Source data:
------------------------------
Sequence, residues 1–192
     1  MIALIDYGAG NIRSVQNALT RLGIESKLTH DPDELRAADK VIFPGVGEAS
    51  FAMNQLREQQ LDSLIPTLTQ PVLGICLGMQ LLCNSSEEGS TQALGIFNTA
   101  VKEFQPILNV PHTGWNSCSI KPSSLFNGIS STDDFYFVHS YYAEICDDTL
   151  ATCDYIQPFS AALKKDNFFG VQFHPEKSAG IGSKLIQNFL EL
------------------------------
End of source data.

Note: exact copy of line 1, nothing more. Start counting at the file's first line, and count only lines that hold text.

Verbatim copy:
Sequence, residues 1–192